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fatu hiva ~ the most beautiful landfall

Posted by on July 18, 2013

May 14, 2013

amazing rocky cliffs of Fatu Hiva

Never in our lives, could we have imagined just how breathtakingly beautiful Fatu Hiva, a remote island in the southern Marquesas, would be. As we approached the Baie des Vierges (Bay of Virgins), we stared in amazement at the gorgeous and rugged landscape.

excited about our first landfall after crossing the Pacific

While enjoying this absolute beauty, we also began to tidy up the boat. Once we navigated behind the island, the wind was blocked by the high mountains, so it was time to wrap up our sails for the first time in 22 days. We coiled lines and packed up our safety harnesses.

Transom bucket baths were also in order, in our Jacuzzi tub, so to speak. We sit at the bottom of the transom with a bucket to pour over our heads, and the ocean water swirls up around us. (Yes, there’s a safety line to keep us from washing over!) As I sat at the base of the transom, sailing along the coast of Fatu Hiva, I thought about how this was a “bath tub” with the best view in the world.

As we made our final approach to the anchorage, the wind funneled between the mountains creating a 30 knot wind on our nose. The anchored boats in the bay ahead were dwarfed by the tall mountains that surrounded them.

dwarfed sailboats in the Bay of Virgins

Once we were out of the wind, and into the bay, we were greeted by horn blowing and waving arms from those that had landed before us. There were cheers and hellos hollered across the anchorage. Again, we were heart warmed by the camaraderie. The achievement of sailing across thePacific Ocean was celebrated by all.

While we had just sailed across thePacific Ocean, anchoring in the Baie des Vierges proved to be our next challenge. The bay is narrow and deep (over 80 feet) with a shallower 30-foot ledge along the rocky shoreline. There were about 15 boats squeezed into this small anchorage, and they were all dancing wildly on their anchors with every wind gust that funneled between the mountains. We immediately decided that we didn’t want to anchor near the rocks, so we chose a spot out in the center and dropped every bit of our 200 feet of chain to the bottom. While this was only a mere 2.5 to 1 scope, by the end of our time there, we found that our boat was never able to pull the weight of all that chain straight out, even in a sustained 40 knot wind.

We’d barely gotten our anchor down when a fellow cruiser dinghied over to us. While we were talking with him, Colin suddenly and desperately needed to get our attention. Since I was still standing near the helm, I could immediately see that Colin was trying to let us know that our boat was rapidly moving towards another anchored boat. Regardless of the fact that we had a visiting dinghy at our side, I turned on the engines and threw them in reverse. Wil couldn’t figure out what was going on, and our visitor had to let go. We had catapulted forward after having backed down on our anchor. We corrected our situation by gently backing up just until the boat was where it would sit naturally.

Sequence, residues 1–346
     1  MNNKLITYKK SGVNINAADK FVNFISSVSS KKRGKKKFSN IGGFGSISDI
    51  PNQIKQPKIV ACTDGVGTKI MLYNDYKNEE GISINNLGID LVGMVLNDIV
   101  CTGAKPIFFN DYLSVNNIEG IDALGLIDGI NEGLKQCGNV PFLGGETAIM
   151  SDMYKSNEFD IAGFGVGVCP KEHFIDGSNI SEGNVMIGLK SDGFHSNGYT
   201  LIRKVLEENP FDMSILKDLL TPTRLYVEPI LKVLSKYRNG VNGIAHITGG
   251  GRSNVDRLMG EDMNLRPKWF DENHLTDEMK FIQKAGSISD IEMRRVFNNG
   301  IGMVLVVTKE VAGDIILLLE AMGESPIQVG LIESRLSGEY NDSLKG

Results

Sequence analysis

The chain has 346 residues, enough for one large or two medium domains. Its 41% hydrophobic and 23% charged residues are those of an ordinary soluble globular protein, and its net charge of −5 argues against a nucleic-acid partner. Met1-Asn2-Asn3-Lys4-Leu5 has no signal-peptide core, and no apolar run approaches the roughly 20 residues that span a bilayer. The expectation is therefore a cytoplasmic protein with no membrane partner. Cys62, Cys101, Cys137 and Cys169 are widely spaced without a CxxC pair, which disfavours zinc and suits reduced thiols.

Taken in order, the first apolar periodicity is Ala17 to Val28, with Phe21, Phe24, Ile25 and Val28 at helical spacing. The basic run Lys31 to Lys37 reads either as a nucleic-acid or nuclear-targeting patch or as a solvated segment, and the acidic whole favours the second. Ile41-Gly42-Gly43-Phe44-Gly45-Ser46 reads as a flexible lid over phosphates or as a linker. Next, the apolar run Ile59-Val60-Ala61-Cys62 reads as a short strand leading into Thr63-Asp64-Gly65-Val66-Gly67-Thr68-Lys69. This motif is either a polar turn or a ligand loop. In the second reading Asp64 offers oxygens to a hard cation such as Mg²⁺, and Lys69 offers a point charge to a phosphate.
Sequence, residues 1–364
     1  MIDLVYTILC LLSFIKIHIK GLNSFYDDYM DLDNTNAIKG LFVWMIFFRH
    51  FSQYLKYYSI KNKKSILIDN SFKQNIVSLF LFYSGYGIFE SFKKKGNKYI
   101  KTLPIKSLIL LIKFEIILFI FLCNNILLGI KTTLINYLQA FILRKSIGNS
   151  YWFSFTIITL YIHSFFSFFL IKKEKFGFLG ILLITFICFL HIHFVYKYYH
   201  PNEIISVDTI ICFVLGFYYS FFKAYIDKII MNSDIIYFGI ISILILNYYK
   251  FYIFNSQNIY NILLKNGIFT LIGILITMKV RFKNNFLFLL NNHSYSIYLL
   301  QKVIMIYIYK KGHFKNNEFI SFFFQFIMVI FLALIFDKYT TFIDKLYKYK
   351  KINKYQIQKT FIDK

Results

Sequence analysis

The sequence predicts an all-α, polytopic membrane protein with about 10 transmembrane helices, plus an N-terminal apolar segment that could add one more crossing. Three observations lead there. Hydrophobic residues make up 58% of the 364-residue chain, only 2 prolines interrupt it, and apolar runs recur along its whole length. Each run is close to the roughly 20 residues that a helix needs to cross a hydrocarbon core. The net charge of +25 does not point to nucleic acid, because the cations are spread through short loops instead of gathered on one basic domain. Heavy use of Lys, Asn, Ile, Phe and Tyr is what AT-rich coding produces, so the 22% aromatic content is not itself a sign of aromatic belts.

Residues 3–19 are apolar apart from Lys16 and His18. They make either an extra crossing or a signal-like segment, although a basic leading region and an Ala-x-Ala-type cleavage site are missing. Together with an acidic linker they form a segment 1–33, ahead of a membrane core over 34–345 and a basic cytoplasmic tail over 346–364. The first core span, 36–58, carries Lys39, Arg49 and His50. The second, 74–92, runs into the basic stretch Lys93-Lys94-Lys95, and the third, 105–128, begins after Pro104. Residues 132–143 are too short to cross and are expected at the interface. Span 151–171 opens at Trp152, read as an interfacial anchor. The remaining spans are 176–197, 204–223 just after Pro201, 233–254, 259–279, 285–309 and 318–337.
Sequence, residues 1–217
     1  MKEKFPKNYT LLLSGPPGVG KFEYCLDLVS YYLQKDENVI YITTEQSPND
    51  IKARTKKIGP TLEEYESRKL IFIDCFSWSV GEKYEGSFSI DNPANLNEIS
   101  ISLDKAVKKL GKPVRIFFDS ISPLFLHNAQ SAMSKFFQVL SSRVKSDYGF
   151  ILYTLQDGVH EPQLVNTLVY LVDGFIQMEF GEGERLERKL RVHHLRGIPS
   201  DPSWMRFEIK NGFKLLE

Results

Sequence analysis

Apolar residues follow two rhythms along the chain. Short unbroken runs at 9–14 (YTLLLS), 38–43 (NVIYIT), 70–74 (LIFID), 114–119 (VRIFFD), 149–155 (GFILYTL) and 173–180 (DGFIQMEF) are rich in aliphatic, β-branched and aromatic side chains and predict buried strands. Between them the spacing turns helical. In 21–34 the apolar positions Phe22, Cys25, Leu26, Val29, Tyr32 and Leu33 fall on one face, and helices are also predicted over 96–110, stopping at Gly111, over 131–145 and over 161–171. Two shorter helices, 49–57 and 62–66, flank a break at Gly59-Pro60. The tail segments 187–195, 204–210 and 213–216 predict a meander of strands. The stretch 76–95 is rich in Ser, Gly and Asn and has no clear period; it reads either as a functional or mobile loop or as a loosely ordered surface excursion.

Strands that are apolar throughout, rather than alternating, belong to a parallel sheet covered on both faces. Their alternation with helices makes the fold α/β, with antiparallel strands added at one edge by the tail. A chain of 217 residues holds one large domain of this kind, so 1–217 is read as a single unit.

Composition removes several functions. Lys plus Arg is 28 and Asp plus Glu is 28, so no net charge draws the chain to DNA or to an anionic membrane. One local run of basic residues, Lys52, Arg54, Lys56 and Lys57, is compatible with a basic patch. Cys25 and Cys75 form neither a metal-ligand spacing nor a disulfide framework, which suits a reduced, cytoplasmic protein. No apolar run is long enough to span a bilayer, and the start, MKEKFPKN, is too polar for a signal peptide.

Once the boat was settled, and we could breathe a sigh of relief, we embraced the fact that we weren’t moving anymore. Sure, there was a bit of swell in the anchorage, but we weren’t underway anymore. Even though we were eager to step foot on dry land, at the same time we knew there was plenty of time for exploration. We just wanted to relish in the fact that we weren’t moving.

Before we even stepped foot off the boat, we had a few fellow cruisers dinghy over for a quick visit, and before we knew it, we had a cockpit full of fresh fruit. Fruit was abundant onshore, and those that had already been ashore knew just how much we would crave fresh produce after 3 weeks at sea. We were given lemons, grapefruit, and a stock of bananas. We savored the flavor of each and every bite!

Eventually, we got around to lowering the dinghy into the water. We made plans to go ashore, but wanted to stop first at s/v Sweet Surrender for a chat. Phil (s/v Sweet Surrender) was a fellow net controller on the SSB, and we had shared a lot during our passage. They ended up inviting us to stay for drinks, along with several other boats that had been a part of our Beagle Net during the Pacific crossing. We rushed back to give the kids some dinner, and then returned to s/v Sweet Surrender where we visited with s/v Always Saturday, s/v Alua, s/v Elonnisa, and s/v Gypsy 4.

With all of the activity since dropping the anchor, we managed to power through our watch schedule nap times that had taken place daily over the past 3 weeks. By the end of the evening, we were exhausted, and even though our bodies were still “on watch”, neither one of us had trouble falling asleep. The moment our heads hit our pillows we slept like babies for the entire night. What luxury!

Tomorrow would be a new day. Tomorrow we would place our feet on solid ground and begin to explore this island of beauty.

used to be called the Bay of Penises ~ wonder why?

now called the Bay of Virgins ~ can you see the Virgin in the rock formation?

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